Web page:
Ambitious Energy-Efficiency Bill Moving Forward in California
SB 350, the Clean Energy and Pollution Reduction Act of 2015 and dubbed 50-50-50, was introduced by Senate President Pro Tem Kevin de León (D-Los Angeles) and Senator Mark Leno (D-San Francisco). It passed the Senate Standing Committee on Energy, Utilities and Communications on April 7, writes Katie Orr of Capital Public Radio in Sacramento. She adds that opposition from the usual suspects has already surfaced.
The California Chamber of Commerce calls the bill a job killer [listed under "Increased Fuel Costs"]. The Western States Petroleum Association (WSPA) says it would give too much power to the state’s air resources board.
The goals will supplement legislation (SB 32) by Sen. Fran Pavley (D-Agoura Hills) to extend the state's carbon emission targets past 2020. SB 350 will enable the three goals Gov. Jerry Brown listed in his January inaugural address.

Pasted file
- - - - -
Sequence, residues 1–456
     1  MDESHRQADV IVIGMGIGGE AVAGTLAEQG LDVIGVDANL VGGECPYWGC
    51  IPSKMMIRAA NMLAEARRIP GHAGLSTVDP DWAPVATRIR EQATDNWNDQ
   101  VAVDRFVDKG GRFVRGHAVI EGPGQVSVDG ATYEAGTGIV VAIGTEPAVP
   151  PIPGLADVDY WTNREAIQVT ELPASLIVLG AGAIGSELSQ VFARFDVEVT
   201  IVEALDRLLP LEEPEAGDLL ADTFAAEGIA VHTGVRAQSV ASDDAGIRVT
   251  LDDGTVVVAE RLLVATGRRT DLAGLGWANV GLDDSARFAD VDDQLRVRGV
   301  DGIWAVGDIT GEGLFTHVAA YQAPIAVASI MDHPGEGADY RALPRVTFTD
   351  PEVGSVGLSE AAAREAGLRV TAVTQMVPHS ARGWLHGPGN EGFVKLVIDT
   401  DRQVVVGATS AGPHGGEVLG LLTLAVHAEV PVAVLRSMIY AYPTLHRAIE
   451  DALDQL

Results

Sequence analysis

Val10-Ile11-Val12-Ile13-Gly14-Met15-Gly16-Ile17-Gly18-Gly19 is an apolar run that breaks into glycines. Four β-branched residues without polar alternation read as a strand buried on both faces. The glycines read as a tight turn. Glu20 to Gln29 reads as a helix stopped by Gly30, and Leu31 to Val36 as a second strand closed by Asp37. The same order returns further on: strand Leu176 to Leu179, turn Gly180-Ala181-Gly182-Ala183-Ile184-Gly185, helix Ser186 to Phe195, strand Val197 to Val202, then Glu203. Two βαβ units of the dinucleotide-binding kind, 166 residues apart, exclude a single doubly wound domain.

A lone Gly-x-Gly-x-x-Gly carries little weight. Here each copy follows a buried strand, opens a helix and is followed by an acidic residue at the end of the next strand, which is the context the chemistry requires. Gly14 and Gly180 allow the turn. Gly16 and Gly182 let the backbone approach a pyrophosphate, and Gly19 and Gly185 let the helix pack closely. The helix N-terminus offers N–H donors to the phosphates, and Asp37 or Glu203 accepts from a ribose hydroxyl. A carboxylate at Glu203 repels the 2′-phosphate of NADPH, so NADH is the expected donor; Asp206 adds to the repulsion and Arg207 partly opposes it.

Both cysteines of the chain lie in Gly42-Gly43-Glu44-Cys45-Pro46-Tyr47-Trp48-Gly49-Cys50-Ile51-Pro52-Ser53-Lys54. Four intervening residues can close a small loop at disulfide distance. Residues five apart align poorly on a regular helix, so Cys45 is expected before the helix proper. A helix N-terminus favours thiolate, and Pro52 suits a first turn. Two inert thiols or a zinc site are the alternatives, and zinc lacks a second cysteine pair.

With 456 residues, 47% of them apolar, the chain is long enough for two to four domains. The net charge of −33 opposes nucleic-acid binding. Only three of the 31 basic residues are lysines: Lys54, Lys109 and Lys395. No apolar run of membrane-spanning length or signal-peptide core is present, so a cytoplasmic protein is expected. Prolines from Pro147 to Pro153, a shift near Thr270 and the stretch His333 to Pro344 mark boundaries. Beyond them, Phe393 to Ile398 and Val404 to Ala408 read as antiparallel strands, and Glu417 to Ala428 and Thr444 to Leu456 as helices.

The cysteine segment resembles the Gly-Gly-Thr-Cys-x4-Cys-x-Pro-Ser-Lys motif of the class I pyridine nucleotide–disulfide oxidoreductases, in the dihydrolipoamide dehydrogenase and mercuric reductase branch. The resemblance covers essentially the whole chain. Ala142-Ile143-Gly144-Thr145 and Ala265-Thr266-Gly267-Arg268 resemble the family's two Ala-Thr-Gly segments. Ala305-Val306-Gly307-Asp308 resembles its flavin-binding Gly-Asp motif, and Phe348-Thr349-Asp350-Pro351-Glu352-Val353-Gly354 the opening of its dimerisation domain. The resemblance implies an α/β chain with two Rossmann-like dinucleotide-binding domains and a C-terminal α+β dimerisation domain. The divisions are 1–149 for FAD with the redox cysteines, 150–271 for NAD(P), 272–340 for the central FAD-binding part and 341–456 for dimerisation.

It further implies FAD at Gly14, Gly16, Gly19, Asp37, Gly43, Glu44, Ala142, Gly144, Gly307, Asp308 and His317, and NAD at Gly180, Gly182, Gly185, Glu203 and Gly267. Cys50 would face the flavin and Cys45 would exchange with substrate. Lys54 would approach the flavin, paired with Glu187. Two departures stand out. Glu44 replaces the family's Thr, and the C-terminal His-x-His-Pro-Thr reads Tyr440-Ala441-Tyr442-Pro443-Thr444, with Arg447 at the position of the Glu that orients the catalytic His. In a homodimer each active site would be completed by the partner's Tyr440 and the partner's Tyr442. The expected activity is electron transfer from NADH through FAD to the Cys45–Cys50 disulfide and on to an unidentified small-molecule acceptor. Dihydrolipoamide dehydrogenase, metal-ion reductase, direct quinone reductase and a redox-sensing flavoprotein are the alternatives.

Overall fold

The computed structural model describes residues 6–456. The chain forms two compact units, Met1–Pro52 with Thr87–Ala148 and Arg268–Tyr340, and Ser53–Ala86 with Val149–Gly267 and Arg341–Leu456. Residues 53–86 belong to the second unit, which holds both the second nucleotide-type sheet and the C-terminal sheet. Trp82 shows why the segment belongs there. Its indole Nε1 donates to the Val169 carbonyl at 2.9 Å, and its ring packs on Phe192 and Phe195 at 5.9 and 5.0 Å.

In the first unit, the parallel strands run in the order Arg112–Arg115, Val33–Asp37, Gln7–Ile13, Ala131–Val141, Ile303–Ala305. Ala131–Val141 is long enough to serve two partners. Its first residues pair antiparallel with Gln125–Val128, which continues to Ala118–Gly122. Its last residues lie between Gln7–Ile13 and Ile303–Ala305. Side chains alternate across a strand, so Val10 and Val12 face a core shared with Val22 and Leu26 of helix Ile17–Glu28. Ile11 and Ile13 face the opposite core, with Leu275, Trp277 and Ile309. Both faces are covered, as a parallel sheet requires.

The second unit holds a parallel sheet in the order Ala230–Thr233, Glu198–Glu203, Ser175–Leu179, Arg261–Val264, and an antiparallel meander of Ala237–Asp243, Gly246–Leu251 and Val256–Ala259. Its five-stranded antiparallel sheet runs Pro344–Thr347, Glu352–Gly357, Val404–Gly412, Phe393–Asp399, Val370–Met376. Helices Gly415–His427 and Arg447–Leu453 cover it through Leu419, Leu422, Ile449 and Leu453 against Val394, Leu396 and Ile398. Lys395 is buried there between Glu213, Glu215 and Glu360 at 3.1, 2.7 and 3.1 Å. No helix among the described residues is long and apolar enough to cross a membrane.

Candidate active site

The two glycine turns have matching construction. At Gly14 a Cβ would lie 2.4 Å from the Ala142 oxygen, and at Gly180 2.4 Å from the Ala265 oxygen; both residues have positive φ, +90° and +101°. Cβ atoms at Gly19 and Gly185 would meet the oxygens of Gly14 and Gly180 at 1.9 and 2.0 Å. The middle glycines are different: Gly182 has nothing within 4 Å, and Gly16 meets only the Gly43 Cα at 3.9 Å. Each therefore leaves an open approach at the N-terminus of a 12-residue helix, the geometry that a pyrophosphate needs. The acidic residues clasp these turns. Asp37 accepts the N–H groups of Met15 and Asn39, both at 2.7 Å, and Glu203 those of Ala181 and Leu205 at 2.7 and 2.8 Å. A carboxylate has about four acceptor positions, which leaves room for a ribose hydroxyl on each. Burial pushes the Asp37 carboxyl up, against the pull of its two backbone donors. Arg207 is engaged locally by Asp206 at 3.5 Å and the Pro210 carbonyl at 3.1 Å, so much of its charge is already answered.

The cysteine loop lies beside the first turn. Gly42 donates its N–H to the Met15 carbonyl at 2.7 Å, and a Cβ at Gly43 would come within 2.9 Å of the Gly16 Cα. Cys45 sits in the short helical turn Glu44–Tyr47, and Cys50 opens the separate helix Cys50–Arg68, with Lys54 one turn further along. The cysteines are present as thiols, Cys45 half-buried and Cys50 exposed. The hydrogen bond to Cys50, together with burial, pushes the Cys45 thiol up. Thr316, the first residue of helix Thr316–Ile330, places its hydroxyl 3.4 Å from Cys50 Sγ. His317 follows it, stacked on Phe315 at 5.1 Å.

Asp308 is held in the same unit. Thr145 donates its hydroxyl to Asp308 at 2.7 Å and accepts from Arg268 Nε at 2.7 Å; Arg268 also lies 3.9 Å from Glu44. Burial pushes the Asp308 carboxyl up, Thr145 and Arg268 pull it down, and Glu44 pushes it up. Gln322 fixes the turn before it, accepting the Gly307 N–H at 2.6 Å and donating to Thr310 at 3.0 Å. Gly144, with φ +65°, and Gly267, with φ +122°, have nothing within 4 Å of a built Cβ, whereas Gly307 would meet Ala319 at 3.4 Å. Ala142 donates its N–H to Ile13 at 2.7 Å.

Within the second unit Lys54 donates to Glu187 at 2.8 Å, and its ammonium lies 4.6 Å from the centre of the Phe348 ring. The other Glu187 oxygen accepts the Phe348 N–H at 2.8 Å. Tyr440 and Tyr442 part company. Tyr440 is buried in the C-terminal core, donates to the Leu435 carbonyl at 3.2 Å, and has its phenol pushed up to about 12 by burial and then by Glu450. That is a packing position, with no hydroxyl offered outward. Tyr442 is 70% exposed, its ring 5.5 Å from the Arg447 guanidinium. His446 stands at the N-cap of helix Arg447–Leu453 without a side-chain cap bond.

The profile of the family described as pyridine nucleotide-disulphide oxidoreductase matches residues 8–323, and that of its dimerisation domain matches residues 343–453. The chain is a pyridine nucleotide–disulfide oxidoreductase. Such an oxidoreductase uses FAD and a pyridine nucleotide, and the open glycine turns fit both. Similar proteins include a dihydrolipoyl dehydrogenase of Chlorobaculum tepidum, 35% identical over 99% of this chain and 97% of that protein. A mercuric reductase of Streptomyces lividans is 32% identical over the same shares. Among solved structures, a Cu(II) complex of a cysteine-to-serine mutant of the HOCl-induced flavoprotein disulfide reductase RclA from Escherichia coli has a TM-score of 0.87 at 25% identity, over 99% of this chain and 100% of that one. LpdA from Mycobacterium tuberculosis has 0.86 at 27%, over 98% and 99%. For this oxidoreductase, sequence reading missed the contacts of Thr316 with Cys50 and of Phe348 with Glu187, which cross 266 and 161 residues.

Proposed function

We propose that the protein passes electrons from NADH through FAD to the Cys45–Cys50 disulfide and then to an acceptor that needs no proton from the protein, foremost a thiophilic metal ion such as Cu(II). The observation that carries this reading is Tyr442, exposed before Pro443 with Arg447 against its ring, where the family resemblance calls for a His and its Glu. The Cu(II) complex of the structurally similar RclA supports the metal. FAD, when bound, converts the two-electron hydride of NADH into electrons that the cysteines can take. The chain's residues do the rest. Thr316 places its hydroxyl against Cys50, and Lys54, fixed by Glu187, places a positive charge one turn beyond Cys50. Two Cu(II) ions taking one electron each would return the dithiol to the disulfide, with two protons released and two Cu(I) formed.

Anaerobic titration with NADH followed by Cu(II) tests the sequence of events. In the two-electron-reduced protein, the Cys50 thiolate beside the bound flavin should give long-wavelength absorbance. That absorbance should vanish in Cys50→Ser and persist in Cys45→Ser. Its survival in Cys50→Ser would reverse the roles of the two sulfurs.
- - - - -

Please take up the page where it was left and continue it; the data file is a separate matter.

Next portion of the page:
- The amount of renewables in electricity generation, referred to as the Renewable Portfolio Standard, increases from 33 percent by 2020 to 50 percent by 2030.
- Cutting petroleum use in half in 15 years will be a difficult goal to meet. The Senate's California Climate Leadership webpage on SB 350 points to a pathway: "In a [California Air Resources Board] CARB analysis, one pathway towards this goal could include reducing growth in vehicle-miles traveled to 4%; increasing on-road fuel efficiency of cars to 35 mpg and heavy-duty trucks to 7 mpg; and at least doubling the use of alternative fuels such as biofuels, electricity, hydrogen, and renewable natural gas. One pathway to achieve this goal can be found on the CARB Website [one-page PDF]."
- SB 350 supplements existing legislation that requires "energy efficiency standards for new buildings and appliances", notes California Climate Leadership. "One pathway to achieve a 50% greater efficiency in buildings can be found here [PDF].
It will be interesting how this bill evolves through the legislative process. With both WSPA and the Chamber targeting the second goal above, and with data indicating that Californians increased oil consumption last year, breaking a seven-year trend, I can't help but wonder if the oil reduction will withstand their onslaught, at least with the current target of a 50 percent reduction by 2030.
Next stop: Senate Environmental Quality Committee later this month.